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I must admit that I was initially skeptical about a traverso not strictly based on historical models. Like most musicians who play period instruments, I was conditioned to believe that only a faithful copy of an eighteenth-century original could do full justice to the music of Bach, Mozart, and their contemporaries. Yet I had always been slightly uncomfortable with the idea of playing such copies in modern spaces and in performing contexts very different from those of the past. Many of us have had the experience of playing in cavernous spaces with unflattering acoustics, or with a large number of string instruments that can easily drown out softer winds.


Enter the “modern traverso,” which strikes me as the ideal compromise between old and new. Old, because it has the playing characteristics of an excellent eighteenth-century instrument; new, because it is an original design that provides the volume of sound one often needs for modern playing conditions. And when you think about it, the idea of a modern instrument maker putting his experience to use in creating a new model is entirely appropriate, for this is what Bressan, Denner, Grenser and others did in the eighteenth century.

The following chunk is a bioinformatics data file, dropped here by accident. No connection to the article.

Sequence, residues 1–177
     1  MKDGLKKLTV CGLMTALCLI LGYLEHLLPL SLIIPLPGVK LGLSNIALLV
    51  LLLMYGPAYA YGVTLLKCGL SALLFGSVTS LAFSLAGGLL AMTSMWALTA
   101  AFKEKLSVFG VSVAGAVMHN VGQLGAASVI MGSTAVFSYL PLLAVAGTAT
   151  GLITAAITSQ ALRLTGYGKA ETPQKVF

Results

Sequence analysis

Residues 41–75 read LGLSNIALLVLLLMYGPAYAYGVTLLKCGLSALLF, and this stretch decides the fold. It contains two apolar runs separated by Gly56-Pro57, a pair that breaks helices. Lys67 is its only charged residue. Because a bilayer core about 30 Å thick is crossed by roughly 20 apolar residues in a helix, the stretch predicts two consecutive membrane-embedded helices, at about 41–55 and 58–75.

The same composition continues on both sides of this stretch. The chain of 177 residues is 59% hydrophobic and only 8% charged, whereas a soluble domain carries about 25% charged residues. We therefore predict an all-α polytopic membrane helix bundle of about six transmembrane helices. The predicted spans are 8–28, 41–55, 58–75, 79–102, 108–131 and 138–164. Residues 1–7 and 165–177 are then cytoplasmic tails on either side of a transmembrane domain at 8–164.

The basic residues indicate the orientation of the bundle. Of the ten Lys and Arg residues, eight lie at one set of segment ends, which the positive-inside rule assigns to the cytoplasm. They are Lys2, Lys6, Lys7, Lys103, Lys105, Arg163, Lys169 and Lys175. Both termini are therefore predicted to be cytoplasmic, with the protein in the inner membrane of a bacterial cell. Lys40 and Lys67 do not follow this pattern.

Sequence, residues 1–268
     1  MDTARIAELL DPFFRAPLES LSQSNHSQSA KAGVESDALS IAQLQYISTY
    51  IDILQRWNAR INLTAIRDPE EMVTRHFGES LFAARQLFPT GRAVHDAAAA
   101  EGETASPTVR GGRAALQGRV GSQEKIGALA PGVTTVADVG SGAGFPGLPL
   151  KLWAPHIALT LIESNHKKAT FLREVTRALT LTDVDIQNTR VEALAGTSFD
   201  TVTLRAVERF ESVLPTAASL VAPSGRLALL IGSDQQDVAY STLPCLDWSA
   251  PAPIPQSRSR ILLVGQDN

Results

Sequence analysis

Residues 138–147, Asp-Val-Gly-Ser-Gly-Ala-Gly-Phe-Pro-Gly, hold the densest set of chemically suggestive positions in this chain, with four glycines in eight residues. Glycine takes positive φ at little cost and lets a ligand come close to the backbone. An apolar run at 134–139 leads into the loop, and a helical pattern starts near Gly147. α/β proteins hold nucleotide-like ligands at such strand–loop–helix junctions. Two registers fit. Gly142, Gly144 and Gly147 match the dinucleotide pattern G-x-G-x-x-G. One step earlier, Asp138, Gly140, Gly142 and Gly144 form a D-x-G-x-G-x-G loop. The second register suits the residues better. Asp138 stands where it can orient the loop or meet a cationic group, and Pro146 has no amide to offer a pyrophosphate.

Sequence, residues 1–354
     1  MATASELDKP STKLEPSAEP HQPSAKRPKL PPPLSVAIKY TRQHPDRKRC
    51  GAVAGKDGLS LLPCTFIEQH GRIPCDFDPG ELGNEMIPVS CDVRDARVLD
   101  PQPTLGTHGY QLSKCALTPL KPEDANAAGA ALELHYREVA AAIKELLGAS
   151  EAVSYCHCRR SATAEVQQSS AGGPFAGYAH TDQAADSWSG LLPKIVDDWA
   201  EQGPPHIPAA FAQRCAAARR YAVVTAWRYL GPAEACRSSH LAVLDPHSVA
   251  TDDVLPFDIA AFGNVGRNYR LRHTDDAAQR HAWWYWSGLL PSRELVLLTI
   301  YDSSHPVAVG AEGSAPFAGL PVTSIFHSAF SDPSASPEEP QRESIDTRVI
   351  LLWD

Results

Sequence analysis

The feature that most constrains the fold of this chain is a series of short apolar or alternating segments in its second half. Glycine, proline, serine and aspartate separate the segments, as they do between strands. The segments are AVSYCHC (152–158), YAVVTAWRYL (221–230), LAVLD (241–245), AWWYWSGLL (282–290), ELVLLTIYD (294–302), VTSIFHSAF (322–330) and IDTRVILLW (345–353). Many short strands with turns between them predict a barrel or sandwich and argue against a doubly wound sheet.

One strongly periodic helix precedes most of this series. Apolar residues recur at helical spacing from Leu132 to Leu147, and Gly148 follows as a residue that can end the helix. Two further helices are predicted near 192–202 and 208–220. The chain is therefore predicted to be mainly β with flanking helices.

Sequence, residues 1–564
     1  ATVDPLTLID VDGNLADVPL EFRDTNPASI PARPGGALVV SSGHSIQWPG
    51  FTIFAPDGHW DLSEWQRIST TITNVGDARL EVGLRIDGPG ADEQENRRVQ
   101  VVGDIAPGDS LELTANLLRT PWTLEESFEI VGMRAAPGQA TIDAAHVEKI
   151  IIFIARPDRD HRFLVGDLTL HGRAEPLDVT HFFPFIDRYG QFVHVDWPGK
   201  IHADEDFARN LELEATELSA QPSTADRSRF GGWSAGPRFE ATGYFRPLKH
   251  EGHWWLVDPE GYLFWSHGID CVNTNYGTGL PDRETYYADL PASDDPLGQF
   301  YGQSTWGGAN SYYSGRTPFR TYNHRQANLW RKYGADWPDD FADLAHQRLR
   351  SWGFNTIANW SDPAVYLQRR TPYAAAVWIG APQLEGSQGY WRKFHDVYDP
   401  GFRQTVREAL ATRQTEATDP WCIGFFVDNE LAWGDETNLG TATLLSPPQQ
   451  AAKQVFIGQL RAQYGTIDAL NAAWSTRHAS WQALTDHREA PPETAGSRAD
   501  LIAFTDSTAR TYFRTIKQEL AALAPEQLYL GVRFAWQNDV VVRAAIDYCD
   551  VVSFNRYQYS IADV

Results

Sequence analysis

After receiving my modern traverso, I quickly got used to the slightly different feel of the instrument, and was delighted by the rich tone and flexible response in each register. One can indeed play more loudly on this instrument (even the fork-fingered notes are stronger), but one can also play very softly. And the intonation is as good or better than that of any historical copy I’ve played.


I have come to admire Jean-François Beaudin’s excellent craftsmanship, and it has been a delight working with him. His continual efforts to improve his design and tailor the instrument to his customer’s needs is something I’ve rarely encountered among instrument makers. In short, I highly recommend his modern traverso.

Testimonial by Stephen Zohn, professional traverso player, musicologist at
Temple University, Philadelphia, USA